Usually the crowns are sectioned by vertical cuts. In large teeth the crown height may be greater than the bur length. In these teeth, it is better to angle the cut to go through a part of the crown of less height. This also means the cutting requires less effort.


As part of the severing of the tooth’s attachment, the gingival attachment of the tooth should be cut around the entire circumference. This can be done by running a scalpel blade around the gingival sulcus/pocket and cutting down the root surface to crestal bone. The gingival attachment can also be cut using a sharp dental elevator at the time of luxation. If the gingival attachment is not cut there will be unnecessary disruption and trauma to the soft tissues as the tooth is extracted.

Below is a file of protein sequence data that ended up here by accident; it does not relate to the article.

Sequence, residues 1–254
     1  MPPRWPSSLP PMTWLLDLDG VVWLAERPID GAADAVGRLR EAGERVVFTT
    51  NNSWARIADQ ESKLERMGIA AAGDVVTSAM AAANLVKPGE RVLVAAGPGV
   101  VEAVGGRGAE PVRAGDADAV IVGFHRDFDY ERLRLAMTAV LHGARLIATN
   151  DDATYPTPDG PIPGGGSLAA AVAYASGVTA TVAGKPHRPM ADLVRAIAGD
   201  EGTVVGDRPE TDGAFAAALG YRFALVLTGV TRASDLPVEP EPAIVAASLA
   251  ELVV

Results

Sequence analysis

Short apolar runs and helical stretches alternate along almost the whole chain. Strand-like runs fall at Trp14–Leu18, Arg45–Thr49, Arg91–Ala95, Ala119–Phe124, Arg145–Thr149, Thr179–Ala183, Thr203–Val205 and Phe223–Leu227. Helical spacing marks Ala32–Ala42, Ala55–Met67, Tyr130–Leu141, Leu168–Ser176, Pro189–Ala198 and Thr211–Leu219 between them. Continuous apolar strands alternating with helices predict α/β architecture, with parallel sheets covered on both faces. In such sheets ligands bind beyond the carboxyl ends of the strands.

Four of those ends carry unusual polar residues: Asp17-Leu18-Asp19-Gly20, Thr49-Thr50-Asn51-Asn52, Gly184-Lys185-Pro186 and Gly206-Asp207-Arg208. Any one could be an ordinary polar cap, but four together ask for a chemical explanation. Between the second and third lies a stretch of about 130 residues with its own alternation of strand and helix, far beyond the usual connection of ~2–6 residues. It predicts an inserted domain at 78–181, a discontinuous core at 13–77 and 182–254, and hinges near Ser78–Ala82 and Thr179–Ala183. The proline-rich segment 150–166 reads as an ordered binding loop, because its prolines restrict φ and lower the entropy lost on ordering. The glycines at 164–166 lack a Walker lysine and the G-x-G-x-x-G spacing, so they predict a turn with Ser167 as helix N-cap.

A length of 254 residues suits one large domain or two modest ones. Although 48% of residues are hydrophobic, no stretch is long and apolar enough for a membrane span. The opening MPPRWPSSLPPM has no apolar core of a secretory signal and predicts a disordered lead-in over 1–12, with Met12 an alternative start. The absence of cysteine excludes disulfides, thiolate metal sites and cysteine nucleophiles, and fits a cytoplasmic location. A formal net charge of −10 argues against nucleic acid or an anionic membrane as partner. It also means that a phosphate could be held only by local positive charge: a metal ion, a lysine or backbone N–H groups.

Luxation is the loosening of the tooth in the socket by progressive severing of the periodontal ligament fibres. A Couplands elevator of the appropriate size, or a similar instrument is used. The elevator is inserted behind the gingiva at an acute angle to the tooth root until it hits crestal bone. The instrument tip is now wedged between the root and bone and gently rotated (not levered) to move the tooth laterally. The pressure is built up gradually and then held for five seconds to stretch and break the periodontal fibres. The elevator is then relocated at different sites around the tooth and the procedure repeated until the tooth root becomes loose. Patience and controlled force are needed, not brute strength. The force should be applied as low down the root as possible when extracting teeth. Slipping, when using an elevator, is often because the tooth moves. You should support the jaw with your other hand and have a thumb and finger on either side of the tooth being extracted. Using the air/water syringe during extraction to rinse away blood and keep it at bay can be very helpful as it enables the progress of root luxation to be seen clearly.